National Cyber Security Month

October is National Cyber Security Awareness Month, sponsored by the National Cyber Security Division within the Department of Homeland Security (DHS) and the National Cyber Security Alliance.

More and more seniors now use the internet for their banking and shopping needs, as well as using social media websites like Facebook and Twitter. Unfortunately, seniors are also heavily targeted by cyber criminals. These criminals use sophisticated techniques to appear legitimate so that they can steal your personal information.

Fortunately, there are some simple steps that you can take to avoid falling into a cyber criminal’s trap:

  1. Password - probably one of the most important things you can do to protect your online information is to have a strong password for websites you log into. A combination of numbers, symbols and letters at least 8 digits long is recommended.
  2. If using social networking, limit the amount of personal information you share. Why people have to announce that they are leaving for vacation (and I see this a lot) on Facebook is beyond me.
  3. Beware of any email requests to update or confirm your personal information online. For example, the IRS will never email you asking for personal information, nor will your bank or online shopping sites like Amazon. There’s a simple way to find out who is actually sending such an email: hover your cursor over the name of the sender of the email, and the actual email address will show up. Chances are, the email address is not your bank.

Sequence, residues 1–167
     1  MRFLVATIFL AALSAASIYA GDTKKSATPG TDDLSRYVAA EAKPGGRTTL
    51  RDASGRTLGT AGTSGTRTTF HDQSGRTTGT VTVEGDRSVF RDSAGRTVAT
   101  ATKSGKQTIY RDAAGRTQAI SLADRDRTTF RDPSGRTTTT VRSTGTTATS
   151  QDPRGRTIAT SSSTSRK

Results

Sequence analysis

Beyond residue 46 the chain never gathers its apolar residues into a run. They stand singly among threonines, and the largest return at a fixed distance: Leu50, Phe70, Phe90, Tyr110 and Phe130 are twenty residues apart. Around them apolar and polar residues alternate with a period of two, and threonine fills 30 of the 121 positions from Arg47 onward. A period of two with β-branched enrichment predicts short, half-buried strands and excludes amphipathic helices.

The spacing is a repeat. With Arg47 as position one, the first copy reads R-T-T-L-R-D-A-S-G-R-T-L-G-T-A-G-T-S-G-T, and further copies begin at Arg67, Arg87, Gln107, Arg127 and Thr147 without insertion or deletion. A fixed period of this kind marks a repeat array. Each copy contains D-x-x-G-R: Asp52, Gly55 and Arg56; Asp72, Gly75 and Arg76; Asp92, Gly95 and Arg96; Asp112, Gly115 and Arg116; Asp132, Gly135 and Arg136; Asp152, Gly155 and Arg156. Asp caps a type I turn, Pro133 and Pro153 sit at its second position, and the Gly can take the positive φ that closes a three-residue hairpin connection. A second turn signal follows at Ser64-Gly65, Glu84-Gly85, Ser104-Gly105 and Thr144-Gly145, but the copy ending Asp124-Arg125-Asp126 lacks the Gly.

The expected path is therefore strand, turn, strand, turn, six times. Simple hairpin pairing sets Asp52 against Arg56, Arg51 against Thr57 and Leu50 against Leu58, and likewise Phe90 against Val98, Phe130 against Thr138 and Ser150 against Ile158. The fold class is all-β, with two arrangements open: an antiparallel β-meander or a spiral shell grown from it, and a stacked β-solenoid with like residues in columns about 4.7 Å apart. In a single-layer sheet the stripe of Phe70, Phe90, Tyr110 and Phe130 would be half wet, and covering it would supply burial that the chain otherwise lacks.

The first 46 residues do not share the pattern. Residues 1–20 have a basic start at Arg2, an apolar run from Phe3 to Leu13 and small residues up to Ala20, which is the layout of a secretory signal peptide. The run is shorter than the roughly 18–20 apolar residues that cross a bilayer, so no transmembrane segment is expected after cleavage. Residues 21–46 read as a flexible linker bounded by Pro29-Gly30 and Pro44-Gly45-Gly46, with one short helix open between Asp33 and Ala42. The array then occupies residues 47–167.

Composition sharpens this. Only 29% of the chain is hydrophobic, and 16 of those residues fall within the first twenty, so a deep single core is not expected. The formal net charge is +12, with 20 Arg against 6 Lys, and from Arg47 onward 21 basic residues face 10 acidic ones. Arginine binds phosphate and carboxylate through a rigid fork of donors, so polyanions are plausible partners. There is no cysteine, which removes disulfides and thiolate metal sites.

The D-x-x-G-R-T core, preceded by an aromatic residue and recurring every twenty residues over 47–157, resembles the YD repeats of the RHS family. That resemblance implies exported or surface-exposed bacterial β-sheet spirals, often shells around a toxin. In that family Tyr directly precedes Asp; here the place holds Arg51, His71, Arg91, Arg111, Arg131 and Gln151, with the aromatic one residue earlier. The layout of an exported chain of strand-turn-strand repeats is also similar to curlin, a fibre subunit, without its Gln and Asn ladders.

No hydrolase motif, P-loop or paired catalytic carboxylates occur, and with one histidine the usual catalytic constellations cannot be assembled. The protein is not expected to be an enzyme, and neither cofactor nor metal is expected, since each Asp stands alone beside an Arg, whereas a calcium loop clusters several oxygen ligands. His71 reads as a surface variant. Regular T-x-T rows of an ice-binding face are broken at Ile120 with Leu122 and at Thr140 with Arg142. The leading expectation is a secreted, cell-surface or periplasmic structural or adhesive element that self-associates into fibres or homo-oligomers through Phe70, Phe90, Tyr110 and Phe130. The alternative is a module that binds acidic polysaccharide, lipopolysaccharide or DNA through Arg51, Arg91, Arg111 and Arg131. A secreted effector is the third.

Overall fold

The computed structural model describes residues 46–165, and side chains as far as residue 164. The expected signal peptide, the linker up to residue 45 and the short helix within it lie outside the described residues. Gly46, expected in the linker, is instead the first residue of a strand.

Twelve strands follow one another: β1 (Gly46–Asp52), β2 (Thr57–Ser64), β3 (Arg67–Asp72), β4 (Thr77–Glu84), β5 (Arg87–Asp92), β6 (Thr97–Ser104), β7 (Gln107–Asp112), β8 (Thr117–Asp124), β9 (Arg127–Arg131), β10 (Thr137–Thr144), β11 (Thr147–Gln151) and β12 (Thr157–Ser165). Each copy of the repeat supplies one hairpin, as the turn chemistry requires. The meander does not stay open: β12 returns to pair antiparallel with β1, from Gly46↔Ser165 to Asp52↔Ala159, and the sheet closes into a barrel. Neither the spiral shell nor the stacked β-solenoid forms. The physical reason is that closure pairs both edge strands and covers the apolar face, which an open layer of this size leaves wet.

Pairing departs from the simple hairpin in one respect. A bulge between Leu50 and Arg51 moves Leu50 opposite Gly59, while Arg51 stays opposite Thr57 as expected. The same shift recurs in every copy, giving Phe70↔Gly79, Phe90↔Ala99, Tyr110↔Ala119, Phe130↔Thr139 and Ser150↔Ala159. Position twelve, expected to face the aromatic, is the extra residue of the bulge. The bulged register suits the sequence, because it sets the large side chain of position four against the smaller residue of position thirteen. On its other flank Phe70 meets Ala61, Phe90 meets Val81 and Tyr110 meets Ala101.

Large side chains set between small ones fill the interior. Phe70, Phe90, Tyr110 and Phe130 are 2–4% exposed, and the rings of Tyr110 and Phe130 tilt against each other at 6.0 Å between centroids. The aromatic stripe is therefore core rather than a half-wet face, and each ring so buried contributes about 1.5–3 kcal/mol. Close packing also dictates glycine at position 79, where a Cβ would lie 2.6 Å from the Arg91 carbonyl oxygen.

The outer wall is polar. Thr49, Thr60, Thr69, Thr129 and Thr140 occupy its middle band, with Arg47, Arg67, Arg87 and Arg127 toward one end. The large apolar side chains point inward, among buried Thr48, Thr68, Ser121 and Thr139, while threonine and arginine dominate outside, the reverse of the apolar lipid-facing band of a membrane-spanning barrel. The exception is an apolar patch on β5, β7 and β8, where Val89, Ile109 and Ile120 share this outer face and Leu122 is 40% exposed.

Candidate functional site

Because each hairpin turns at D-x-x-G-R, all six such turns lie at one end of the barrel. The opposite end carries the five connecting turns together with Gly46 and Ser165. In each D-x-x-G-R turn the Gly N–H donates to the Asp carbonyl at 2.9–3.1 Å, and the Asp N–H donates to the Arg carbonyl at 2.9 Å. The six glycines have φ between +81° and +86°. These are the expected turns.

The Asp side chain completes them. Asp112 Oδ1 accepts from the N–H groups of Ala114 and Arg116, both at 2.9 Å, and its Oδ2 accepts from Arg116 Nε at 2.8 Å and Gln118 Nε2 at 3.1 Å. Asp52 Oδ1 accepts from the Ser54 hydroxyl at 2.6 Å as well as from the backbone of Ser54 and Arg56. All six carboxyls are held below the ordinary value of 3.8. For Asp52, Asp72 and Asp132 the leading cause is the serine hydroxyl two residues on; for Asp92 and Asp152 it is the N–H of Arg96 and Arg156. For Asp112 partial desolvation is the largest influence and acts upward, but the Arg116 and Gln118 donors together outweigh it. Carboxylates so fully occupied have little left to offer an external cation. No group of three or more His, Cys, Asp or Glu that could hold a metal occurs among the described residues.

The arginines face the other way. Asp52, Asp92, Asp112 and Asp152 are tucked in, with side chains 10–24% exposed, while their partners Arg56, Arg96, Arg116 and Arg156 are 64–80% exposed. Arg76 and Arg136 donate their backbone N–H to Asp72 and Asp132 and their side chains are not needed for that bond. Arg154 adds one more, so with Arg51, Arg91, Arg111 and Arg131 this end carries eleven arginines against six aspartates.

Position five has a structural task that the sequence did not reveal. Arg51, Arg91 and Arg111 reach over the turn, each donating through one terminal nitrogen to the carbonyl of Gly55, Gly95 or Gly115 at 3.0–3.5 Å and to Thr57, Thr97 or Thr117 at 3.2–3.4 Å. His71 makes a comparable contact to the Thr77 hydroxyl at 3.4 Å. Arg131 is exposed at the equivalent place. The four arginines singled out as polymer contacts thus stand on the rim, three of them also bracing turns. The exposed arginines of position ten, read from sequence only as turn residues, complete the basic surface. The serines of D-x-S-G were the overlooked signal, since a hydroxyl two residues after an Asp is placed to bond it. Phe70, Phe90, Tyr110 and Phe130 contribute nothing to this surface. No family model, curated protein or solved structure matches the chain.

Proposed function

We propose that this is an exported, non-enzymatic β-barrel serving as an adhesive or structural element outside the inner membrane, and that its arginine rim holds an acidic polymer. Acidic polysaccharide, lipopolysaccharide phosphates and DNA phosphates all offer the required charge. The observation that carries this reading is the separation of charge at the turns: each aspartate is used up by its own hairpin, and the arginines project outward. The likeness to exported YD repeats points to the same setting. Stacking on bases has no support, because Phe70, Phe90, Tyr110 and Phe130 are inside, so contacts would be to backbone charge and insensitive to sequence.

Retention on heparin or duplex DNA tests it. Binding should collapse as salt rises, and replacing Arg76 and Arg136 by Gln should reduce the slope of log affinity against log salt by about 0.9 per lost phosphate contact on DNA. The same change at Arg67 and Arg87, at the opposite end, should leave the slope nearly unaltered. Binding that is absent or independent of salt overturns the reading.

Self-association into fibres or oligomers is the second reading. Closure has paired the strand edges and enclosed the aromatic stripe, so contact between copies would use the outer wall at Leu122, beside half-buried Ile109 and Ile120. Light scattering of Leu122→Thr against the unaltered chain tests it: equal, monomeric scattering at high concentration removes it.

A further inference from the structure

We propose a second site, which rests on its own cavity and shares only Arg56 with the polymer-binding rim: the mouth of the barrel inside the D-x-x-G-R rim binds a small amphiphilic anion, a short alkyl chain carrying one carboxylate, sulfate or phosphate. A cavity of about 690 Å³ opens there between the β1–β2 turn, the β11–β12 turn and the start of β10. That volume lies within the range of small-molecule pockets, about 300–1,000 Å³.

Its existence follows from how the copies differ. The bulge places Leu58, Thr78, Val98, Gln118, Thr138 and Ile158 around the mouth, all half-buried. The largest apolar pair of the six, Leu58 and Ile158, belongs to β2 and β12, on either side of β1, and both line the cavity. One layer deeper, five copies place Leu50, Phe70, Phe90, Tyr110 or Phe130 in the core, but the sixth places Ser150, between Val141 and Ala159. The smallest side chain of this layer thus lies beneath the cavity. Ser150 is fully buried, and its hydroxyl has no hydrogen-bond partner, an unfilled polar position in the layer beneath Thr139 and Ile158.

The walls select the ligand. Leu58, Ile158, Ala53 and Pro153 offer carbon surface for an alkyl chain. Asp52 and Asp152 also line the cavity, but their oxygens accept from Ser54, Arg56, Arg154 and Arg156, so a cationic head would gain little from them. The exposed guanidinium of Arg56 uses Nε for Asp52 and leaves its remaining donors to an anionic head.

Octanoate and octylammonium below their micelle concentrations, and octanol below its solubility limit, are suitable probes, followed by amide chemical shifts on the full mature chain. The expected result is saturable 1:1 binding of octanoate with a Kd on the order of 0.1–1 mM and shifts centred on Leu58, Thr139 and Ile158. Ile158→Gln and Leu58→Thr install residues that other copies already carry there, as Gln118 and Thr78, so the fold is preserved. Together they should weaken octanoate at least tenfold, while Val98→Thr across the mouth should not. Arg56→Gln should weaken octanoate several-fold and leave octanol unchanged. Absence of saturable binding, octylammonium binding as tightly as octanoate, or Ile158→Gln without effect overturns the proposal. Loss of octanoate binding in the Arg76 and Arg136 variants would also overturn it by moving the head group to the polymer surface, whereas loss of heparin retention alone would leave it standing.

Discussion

4. Avoid opening attachments, clicking on links or responding to email messages from companies that ask for your personal information.
  5. Install anti-virus and anti-spyware software on your computer and keep it up to date.
  6. Avoid accessing your personal information and bank accounts on a public computer like the library or public WIFI hotspots. Don’t do your banking at Starbucks!
  7. When cyber shopping, make sure the website address starts with “https”. “s” stands for secure.
  8. Look for the padlock icon somewhere in your browser.

These steps might seem obvious, but they are necessary in preventing cyber criminals from obtaining your personal information.

For more information about the Dept. of Homeland Security’s cyber program, visit

For help with any of your computer issues, we have a very active Computer Club here at Sun City Shadow Hills and they offer classes and one-on-one training for your benefit. Check the latest View Magazine or our Lifestyles calendar for their upcoming classes.

Submitted by Beverly Mirsky
Information Advisory Committee Member